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Cooking can be difficult with shoulder bursitis.
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Shoulder pain causes difficulty with daily tasks such as dressing, showering and driving. Bursitis causes pain in the shoulder, particularly when reaching overhead. Chronic bursitis develops over time, typically from overuse of the shoulder. Exercises with light weights strengthen the muscles around the shoulder, reducing irritation and pain associated with bursitis.
The shoulder is a ball-and-socket joint formed by the head of the upper arm bone and a cup-like indentation in the shoulder blade. Another part of the shoulder blade forms a "roof" over the ball of the joint. Tendons that move the shoulder travel under this roof. The shoulder bursa is a fluid-filled sac that provides cushioning between the bones and decreases friction on the tendons when the arm is moved. Bursitis, or inflammation of the bursa, is a type of shoulder impingement. The sac is "pinched" between the upper arm bone and the bony roof over the shoulder joint is elevated. Chronic bursitis is often caused by overuse of the shoulder muscles, especially with repetitive overhead activity.
Chronic bursitis can also develop with injury of the shoulder tendons. The rotator cuff muscles stabilize the shoulder, keeping the upper arm in line with the socket during movement. When the rotator cuff tendons are damaged, the upper arm bone slides up as the arm is raised, pinching the shoulder bursa. Strengthening exercises target the rotator cuff muscles for chronic bursitis. A light hand weight of 2 to 3 pounds, a soup can or a bottle of water can be used for these exercises.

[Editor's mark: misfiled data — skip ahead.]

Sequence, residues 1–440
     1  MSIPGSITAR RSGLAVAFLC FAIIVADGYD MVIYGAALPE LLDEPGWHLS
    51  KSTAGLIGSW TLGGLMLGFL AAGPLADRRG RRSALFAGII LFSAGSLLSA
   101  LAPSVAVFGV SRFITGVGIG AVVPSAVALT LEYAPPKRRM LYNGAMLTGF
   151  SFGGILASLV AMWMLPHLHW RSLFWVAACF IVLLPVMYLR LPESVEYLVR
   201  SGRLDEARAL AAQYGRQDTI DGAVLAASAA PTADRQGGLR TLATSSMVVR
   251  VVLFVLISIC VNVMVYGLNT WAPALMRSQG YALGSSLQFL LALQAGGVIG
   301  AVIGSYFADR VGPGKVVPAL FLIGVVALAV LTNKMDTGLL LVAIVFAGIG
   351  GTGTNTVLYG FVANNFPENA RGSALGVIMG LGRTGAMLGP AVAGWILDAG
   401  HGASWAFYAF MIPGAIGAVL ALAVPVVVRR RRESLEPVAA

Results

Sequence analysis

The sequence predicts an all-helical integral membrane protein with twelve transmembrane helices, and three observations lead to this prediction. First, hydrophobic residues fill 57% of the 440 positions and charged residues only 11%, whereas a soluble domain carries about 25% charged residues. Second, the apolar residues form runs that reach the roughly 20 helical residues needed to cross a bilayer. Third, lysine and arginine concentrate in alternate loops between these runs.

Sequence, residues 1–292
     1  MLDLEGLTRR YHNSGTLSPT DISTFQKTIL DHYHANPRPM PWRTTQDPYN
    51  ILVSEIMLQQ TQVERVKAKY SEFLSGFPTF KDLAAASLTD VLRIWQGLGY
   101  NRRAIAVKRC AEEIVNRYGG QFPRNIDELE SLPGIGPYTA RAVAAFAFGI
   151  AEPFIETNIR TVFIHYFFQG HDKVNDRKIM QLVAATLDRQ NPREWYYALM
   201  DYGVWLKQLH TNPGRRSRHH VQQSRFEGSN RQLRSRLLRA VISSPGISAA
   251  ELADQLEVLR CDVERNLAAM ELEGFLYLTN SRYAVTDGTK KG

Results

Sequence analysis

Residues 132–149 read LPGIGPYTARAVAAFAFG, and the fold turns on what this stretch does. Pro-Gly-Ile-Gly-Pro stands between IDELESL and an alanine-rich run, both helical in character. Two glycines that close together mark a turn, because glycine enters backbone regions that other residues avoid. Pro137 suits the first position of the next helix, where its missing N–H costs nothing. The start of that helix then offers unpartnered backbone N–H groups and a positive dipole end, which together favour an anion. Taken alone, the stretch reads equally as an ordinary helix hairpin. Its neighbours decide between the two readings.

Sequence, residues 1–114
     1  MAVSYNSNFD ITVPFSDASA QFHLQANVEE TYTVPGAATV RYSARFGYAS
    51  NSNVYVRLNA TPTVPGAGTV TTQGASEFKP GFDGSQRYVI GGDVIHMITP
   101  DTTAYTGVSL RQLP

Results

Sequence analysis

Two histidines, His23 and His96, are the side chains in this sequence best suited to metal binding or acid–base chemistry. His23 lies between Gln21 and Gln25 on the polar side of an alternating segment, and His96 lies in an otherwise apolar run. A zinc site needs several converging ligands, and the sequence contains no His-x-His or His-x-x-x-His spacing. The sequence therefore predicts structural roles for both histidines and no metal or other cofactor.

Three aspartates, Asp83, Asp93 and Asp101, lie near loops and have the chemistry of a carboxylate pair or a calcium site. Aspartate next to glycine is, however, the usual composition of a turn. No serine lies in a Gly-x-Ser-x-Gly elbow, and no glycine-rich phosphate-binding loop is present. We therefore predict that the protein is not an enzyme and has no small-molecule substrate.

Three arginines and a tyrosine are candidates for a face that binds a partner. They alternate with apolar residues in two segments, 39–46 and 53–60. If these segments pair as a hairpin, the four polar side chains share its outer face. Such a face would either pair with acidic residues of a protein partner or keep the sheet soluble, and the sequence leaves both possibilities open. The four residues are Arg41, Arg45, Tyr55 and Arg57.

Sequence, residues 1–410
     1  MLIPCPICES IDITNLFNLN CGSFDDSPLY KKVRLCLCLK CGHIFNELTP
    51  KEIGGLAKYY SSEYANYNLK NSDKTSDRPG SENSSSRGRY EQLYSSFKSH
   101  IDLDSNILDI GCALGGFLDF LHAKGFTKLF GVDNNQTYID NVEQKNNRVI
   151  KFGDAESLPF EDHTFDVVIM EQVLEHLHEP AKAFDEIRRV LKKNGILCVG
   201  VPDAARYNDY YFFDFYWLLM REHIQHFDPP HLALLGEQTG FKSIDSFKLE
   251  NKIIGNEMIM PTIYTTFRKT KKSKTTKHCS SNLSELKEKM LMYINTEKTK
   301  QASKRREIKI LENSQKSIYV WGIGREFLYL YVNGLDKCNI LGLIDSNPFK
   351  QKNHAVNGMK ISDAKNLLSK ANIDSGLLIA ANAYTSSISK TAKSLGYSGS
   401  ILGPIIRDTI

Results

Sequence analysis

Scaption is arm movement at a 45 degree angle, halfway between straight ahead and straight out to the side. Scaption exercises improve rotator cuff strength. Holding a small weight with the hand in a thumbs-up position and elbow straight, the arm is raised in scaption to shoulder height. This position is held for 2 to 3 seconds, then slowly lowered. Proper form is vital for this exercise. The shoulder should not hike up toward the ear. Shrugging means that the wrong muscles are performing the movement. The shoulder should remain in steady position as the arm moves. Sets of 10 repetitions are typically performed, working up to 3 sets in a row, once daily.
Strengthening exercises are performed for external rotation, or turning the arm away from the body. As you lie on the nonexercising side of the body, your upper elbow is bent to 90 degrees and held against the side of the body. A small hand-weight is held with the palm turned toward the floor. With the upper arm tight against the side of the body, the forearm is raised up toward the ceiling. This position is held for 2 to 3 seconds; then the weight is slowly lowered. This exercise is usually performed in sets of 10 repetitions, working up to 3 sets in a row, once daily.
Protraction exercises strengthen muscles that stabilize the shoulder joint during movement. While you lie on your back and hold a small hand weight, the exercising arm is straightened and lifted, with the hand pointed toward the ceiling. From this position, the shoulder blade is lifted off the ground, as if the arm is punching the ceiling. This position is held for 2 to 3 seconds, then the shoulder blade is lowered back down. The elbow remains straight throughout this exercise -- only the shoulder blade is moving. This exercise is performed 10 times, up to 3 sets in a row, once each day.